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Inside the Classroom: 5th Graders Create Wind Turbines

Inside the Classroom: 5th Graders Create Wind Turbines

Rose Norris, a VISTA-taught 5th grade teacher at Prices Fork Elementary School in Southwest VA, allowed us into her classroom to witness her students engaging in a problem-based learning challenge. The student scientists were tasked with building an energy efficient wind turbine. In accordance with what she had learned at VISTA's Elementary Science Institute professional development program, Ms. Norris presented her students with the following "real world" type scenario:

Energy resources off the east coast of North America are very valuable. One of the most significant issues facing President Obama is whether to allow leasing offshore land for drilling oil and natural gas where production has been off limits. Scientists are investigating areas off the coast of VA to develop these resources. Residents and tourists, however, are concerned about the development of these energy resources in the Atlantic Ocean. The Bureau of Ocean Energy Management (BOEM) will offer leases for drilling of oil and natural gas, and will also offer, for auction, the development of wind or tidal turbine farms off the east coast.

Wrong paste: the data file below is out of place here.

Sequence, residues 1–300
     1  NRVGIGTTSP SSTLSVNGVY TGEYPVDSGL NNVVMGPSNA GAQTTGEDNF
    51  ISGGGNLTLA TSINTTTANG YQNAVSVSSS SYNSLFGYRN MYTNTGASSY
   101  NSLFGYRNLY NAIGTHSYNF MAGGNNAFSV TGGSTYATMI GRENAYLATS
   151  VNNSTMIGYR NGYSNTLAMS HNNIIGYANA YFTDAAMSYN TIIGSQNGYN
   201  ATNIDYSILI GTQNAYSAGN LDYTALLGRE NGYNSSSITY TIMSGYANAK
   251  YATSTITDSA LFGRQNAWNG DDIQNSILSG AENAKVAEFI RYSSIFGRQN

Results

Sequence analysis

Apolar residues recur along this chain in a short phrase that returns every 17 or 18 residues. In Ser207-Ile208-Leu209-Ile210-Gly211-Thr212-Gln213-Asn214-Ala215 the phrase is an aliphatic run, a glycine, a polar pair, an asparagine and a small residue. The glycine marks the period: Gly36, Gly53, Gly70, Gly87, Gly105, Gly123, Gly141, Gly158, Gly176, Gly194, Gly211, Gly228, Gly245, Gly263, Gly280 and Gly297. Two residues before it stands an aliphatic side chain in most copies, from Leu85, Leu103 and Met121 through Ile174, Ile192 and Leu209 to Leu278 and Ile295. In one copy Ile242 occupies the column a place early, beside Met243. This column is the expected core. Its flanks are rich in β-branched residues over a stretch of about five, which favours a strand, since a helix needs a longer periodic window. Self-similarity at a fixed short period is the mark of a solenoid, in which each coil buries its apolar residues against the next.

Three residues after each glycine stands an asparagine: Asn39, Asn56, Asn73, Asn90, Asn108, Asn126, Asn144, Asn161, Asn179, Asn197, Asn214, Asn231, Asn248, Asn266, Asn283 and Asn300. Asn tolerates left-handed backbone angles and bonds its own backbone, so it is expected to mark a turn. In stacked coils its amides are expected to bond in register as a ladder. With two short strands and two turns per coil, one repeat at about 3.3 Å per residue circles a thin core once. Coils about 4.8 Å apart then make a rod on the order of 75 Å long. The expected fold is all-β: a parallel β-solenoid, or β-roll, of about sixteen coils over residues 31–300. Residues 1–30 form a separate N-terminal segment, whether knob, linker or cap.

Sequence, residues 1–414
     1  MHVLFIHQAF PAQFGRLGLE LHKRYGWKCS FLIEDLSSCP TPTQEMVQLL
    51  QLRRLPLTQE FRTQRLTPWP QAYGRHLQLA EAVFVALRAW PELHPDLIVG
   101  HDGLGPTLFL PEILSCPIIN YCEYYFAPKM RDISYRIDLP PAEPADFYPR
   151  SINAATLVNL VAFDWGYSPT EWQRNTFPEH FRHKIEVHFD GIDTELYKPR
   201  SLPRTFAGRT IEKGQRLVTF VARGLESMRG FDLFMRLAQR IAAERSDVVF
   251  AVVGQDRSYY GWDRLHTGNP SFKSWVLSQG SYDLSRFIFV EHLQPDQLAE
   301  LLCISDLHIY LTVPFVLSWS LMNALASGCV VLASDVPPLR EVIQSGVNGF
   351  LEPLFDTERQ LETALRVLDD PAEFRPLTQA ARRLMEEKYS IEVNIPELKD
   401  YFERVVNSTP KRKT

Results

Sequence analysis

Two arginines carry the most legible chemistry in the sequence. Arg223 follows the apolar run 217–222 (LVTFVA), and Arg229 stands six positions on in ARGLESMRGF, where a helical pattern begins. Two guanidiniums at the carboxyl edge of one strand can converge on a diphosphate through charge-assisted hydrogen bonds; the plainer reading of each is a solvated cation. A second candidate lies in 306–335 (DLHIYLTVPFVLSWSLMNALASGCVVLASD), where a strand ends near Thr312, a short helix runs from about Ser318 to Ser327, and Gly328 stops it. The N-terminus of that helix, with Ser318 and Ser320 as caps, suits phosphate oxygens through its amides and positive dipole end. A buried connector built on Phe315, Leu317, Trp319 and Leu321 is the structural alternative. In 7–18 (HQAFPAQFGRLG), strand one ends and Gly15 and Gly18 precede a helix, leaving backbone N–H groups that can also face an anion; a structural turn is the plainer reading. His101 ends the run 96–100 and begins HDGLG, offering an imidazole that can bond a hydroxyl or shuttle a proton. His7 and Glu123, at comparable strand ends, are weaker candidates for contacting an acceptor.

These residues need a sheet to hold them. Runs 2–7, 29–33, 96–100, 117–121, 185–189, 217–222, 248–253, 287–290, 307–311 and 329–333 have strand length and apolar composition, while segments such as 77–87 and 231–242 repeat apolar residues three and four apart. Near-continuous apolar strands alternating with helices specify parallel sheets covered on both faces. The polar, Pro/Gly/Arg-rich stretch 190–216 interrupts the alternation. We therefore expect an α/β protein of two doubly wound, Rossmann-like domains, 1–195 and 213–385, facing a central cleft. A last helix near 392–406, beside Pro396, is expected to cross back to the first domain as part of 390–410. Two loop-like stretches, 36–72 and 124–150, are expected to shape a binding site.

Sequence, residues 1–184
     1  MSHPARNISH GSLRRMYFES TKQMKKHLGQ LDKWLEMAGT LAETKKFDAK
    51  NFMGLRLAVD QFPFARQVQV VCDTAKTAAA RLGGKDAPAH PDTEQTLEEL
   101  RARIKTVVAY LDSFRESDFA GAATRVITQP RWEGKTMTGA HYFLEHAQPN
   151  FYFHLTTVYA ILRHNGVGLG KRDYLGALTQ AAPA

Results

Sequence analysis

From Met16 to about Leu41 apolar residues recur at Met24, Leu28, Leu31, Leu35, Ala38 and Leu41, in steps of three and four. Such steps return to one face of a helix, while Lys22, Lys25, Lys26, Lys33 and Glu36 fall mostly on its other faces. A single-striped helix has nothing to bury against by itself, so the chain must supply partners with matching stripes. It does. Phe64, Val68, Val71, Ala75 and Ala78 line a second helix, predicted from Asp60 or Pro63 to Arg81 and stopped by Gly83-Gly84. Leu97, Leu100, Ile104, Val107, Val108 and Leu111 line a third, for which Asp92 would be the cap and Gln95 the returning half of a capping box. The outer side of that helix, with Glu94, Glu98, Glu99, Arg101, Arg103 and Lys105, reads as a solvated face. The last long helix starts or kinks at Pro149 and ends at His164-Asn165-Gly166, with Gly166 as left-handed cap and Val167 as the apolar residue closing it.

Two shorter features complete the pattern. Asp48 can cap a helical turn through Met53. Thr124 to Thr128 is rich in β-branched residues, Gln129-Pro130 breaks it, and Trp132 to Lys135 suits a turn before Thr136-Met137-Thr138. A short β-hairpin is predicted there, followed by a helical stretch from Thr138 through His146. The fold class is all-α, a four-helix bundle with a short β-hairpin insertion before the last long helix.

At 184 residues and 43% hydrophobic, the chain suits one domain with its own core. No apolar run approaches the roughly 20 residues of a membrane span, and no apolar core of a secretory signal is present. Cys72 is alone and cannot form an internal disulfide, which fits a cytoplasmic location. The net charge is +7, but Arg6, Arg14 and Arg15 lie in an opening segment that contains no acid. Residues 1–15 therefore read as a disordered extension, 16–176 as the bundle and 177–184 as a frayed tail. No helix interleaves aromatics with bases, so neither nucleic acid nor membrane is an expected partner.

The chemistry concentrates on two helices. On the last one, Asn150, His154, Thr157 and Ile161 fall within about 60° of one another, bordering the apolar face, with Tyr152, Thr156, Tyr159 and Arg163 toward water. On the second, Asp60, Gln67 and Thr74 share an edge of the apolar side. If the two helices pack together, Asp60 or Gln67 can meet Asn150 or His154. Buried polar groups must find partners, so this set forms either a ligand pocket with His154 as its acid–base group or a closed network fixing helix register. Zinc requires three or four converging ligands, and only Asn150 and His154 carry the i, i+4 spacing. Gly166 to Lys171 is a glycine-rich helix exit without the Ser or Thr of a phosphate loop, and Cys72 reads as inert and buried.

The question for the students was "How can we minimize the impact to the ocean environment if energy resources are developed off the coast of Virginia?"

After explaining the challenge to the students (to build an energy efficient vertical wind turbine), the exercise really got started, with students working in groups to create their turbines out of popsicle sticks, paper rolls, spoons, and more. They were even able to decorate them with markers and beads! The excitement in the classroom was palpable. 

The students came up with some truly creative ideas, and at the end of the class, each group was able to test their wind turbine using an anemometer to measure the wind produced. 

Ms. Norris explained, and we agree, that since she started teaching real world, hands-on science, her students have not only been more engaged, but more prepared for real world careers in the sciences; they are already working on issues (like efficient energy sources) that will be critical to improving our world in the years to come.  

 


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